The South Australian Government has finally won support for its contentious land tax changes securing enough votes late yesterday with a fifth revision to the bill.
- The Greens have given their support to a fifth version of the SA Government’s controversial land tax bill
- The party was won over with promises of a public housing package worth more than $10 million
- But the Opposition said the reform would make life impossibly difficult for South Australians
After giving early support to the changes when they were announced in June, the Greens wavered this week on the fourth version of the bill.
But the party was won over with promises of a package worth more than $10 million.
It includes more than $7 million a year for maintenance and upgrades to existing public housing, $2 million a year for emergency accommodation and transitional housing for people in need and a five-year trial of land tax exemptions for private houses rented as affordable housing.
The Greens also secured solar panels to be installed on 75 per cent of all existing public housing, and solar panels and batteries to be installed on at least 75 per cent of new public housing.
The final proposal costs the budget $189 million in the first three years, a far cry from the original land tax proposal five months ago, which was supposed to raise money.
Treasurer Rob Lucas said the long term tax reform was worth the cost.
“It’ll ultimately grow our tax base in South Australia,” Mr Lucas said.
“This is the biggest land tax reform in this state’s history.
“We’ve slashed the top rate of land tax from 3.7 per cent to 2.4 per cent, that’s going to attract investment, drive jobs growth and economic growth in South Australia.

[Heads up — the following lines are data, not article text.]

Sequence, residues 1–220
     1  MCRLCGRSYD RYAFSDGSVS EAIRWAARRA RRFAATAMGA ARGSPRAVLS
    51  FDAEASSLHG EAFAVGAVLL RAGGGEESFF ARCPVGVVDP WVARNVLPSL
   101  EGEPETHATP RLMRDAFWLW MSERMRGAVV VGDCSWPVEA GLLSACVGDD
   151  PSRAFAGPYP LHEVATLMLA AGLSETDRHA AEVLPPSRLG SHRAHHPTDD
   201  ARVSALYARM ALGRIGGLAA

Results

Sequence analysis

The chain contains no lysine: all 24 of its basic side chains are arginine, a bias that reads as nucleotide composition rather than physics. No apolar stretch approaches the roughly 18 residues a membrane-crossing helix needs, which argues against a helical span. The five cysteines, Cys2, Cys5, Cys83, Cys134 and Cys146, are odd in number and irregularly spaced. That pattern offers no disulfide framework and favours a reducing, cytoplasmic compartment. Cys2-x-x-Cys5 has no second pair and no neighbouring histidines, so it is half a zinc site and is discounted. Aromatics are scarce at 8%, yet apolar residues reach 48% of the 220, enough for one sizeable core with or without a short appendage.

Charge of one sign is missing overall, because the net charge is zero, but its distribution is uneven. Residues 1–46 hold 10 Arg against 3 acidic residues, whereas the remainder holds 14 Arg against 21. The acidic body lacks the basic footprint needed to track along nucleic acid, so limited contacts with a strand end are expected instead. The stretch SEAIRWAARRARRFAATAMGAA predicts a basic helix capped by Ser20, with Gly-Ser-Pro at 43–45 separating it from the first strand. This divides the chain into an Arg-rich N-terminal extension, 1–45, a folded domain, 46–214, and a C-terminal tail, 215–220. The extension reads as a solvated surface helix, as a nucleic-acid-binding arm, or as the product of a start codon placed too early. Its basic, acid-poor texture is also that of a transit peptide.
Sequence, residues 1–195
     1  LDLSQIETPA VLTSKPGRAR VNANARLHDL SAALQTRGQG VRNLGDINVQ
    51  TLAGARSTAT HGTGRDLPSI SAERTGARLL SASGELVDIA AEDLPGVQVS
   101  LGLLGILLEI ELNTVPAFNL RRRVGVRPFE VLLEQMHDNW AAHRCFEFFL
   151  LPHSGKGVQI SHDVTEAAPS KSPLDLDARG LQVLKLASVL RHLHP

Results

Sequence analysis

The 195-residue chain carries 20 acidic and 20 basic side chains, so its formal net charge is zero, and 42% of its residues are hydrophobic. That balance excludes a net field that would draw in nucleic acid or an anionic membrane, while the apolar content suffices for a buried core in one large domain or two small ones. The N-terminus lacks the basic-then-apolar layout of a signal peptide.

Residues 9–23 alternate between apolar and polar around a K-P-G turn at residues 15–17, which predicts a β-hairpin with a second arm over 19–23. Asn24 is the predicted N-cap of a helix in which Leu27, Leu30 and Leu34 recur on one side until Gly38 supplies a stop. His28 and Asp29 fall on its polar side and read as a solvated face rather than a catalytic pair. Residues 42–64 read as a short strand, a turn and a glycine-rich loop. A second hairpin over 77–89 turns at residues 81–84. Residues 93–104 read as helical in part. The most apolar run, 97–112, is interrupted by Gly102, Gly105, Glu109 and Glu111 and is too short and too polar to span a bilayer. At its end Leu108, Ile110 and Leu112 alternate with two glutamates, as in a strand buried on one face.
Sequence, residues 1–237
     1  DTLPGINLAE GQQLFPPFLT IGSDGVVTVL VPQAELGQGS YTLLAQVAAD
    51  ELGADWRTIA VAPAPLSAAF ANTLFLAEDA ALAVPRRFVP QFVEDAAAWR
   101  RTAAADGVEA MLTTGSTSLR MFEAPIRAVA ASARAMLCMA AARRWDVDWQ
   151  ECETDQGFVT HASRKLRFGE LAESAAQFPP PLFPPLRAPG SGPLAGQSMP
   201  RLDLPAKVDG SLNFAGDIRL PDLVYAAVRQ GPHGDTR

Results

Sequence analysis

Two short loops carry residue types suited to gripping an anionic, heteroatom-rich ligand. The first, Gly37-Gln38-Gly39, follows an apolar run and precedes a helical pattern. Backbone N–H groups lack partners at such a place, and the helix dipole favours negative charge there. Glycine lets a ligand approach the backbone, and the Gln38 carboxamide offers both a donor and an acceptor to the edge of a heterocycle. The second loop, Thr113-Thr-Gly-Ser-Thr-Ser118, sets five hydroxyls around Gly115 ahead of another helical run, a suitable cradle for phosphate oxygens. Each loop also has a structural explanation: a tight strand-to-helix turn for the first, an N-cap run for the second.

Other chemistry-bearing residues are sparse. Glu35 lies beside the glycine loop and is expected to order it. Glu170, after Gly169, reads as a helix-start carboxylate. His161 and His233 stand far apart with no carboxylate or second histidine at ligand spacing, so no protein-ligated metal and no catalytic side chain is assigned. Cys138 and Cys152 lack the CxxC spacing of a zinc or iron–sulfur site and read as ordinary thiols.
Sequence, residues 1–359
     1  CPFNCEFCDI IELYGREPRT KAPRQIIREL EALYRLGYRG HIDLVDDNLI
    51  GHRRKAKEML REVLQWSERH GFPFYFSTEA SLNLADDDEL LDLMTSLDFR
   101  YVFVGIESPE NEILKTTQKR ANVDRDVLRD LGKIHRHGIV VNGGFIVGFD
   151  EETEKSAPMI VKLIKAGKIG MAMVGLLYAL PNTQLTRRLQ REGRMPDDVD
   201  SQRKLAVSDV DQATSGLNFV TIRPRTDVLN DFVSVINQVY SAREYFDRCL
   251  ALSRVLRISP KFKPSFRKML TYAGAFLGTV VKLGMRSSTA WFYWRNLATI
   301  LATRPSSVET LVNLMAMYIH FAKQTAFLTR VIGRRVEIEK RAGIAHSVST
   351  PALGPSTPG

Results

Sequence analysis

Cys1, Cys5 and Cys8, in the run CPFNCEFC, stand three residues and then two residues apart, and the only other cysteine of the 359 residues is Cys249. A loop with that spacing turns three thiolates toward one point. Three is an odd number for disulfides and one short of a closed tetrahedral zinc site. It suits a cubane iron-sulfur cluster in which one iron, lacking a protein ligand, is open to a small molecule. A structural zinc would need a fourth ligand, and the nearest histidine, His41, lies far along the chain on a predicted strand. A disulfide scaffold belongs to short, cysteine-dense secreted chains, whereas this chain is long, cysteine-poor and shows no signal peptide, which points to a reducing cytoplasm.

“The bottom line in this is what is it going to do for the state’s future, it’s a huge benefit for the state in terms of jobs growth and economic growth.”
Greens leader Mark Parnell said while the law wasn’t perfect, the party was happy to be closing a tax loophole.
“This bill is by no means perfect, but the Greens are proud that we have managed to extract from the Government some important commitments that help those that are most vulnerable in housing,” he said.
“We’ve got money for emergency housing, we’ve got money for social housing, we’ve secured funding to put solar panels on the roofs of low-income households.”
‘Going to have real economic impact’
The proposed changes prompted a backlash from the property sector when they were first proposed in June, but the Government managed to get those groups onside by raising the top threshold for the tax while lowering the top rate from 3.7 per cent to 2.4 per cent.
The Property Council agreed to back the deal, after spending four months campaigning against the changes, which some of the state’s biggest businesses complained could lead to big tax increases for them.
Shadow Treasurer Stephen Mullighan said the land tax increases would “make life impossibly difficult” for thousands of South Australians who would now face a land tax bill “many thousands of dollars higher”.
“These are regressive land tax increases, they’re being applied retrospectively to people’s long-held land ownership,” he said.
“It’s going to have a real economic impact, it’s going to slow investment, it’s will slow housing development and it will slow the state’s economy.
“There is nothing fair about taking tens of millions of dollars from thousands of South Australians and providing that in tax cuts to the very top end of town.”